"NO" on $16 Billion Bailout of National Flood Insurance Program
This week, the Senate will vote on the Additional Supplemental Appropriations for Disaster Relief Requirements Act of 2017 (H.R. 2266), a $36.5 billion disaster aid package intended to provide emergency relief funding for victims of hurricanes Harvey, Irma, Maria, and Nate, and for those fighting wildfires across California and other western states. The bill includes $18.67 billion for the Federal Emergency Management Agency's (FEMA) Disaster Relief Fund (DFR)—$4.9 billion of which could be used to subsidize direct loans to Puerto Rico and are unlikely to be repaid—$576.5 million for federal wildfire suppression, and a $16 billion bailout of the National Flood Insurance Program's (NFIP) nearly $30 billion debt. Heritage Action key voted against the bill in the House.
In the official disaster supplemental request to Congress, Office of Management and Budget (OMB) Director Mick Mulvaney writes that "the NFIP required immediate financial relief to fulfill its obligations to its policyholders, but the program must also be reformed to place it on a sound financial footing and to enable the private market for flood insurance to expand." OMB also argued the NFIP's debt cancellation stems from "unforeseen, unanticipated events . . . it should be provided as an emergency requirement for budgetary purposes." Heritage Action critiqued the request in a statement last week from vice president Dan Holler:
"The administration's request to treat a $16 billion bailout for the failing federal flood insurance program as an emergency is irresponsible. There have been numerous efforts over the past decade to make the NFIP financially and structurally sound, but special interest pushback successfully blunted serious reforms. Put another way, the NFIP's existing debt stems from poor design and congressional inaction, not an unforeseen crisis.
"If the administration and congressional leaders want to write off the NFIP's debt it should be paid for and tied with the reforms similar to those recommended by Director Mulvaney. Anything short of that is simply a taxpayer bailout of a failed, big-government program and a victory for the special interests."
The Heritage Foundation explained last month that emergency spending must meet five criteria: Necessary, sudden, urgent, unforeseen, and not permanent. The five-part test was first created by President George H.W. Bush's OMB in 1991. In a report to Congress, as required by P.L. 102-55 (June 1991), OMB defined emergency spending as the following:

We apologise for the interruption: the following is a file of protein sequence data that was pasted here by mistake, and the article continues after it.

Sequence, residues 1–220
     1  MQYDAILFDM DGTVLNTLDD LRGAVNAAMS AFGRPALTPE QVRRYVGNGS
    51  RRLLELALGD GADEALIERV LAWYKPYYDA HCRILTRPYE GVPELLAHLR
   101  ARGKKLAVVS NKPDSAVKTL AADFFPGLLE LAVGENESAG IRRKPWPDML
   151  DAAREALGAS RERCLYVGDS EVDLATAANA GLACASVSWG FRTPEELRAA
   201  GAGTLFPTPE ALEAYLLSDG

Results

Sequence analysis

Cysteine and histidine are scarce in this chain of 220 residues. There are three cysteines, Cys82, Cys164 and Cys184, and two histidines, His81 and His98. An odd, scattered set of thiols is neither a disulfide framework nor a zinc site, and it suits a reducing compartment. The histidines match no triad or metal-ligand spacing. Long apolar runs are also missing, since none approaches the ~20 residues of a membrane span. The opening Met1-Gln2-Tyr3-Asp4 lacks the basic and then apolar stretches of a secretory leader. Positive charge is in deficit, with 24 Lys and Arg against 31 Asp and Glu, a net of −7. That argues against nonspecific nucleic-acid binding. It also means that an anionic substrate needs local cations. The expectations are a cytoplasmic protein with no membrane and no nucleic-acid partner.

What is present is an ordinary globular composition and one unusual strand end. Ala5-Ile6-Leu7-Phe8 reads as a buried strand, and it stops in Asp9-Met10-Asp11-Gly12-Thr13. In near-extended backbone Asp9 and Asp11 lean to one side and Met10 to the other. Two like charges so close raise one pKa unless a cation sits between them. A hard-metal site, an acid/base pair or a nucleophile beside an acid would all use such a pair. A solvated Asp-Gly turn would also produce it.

- Necessary expenditure-an essential or vital expenditure, not one that is merely useful or beneficial;
- Sudden-quickly coming into being, not building up over time;
- Urgent-pressing and compelling need requiring immediate action;
- Unforeseen-not predictable or seen beforehand as a coming need (an emergency that is part of an aggregate level of anticipated emergencies, particularly when normally estimated in advance, would not be "unforeseen"); and
- Not permanent-the need is temporary in nature.
The $16 billion bailout, which the legislation notes will be "treated as public debt of the United States," fails the five-part test multiple times. The NFIP's debt obviously built up over time and bailouts are by definition permanent in nature. Some lawmakers have raised concerns that additional bailouts are forthcoming because the bill waives the Stafford Act and allows "the Secretary of Homeland Security, in consultation with the Secretary of the Treasury" to cancel debts "in whole or in part" at their discretion.
Federal relief to victims of hurricanes is warranted, but Congress must act in a fiscally responsible manner by offsetting funding that is not truly "emergency" in nature. As Heritage Action made clear in September, "Any funds that fall outside the strict definition of 'emergency spending' should, such as the reported inclusion of small business loans, be offset."
In the aftermath of Hurricane Katrina in 2005, the Republican Study Committee (RSC) unveiled "Operation Offset," which was essentially a menu of spending cuts to offset the costs of disaster relief and rebuilding efforts. The Heritage Foundation applauded the effort, writing that "The President and Congress are making huge federal commitments for relief and rebuilding, but these should not translate into an unprecedented expansion of the federal budget at a time when spending is already near an all-time high."
Unfortunately, lawmakers will not be allowed to offer offsets or reforms because the bill will likely be voted on under a suspension of the rules, which requires a two-thirds vote. Regardless, The Heritage Foundation's Blueprint for Balance: A Federal Budget for 2017 and Blueprint for Reform: A Comprehensive Policy Agenda offer dozens of offset options should lawmakers wish to revive Operation Offset. More spending is likely on the way, Interior-Environment Appropriations Subcommittee Chairman Mike Simpson (R-Idaho) made clear "This isn't the last supplemental."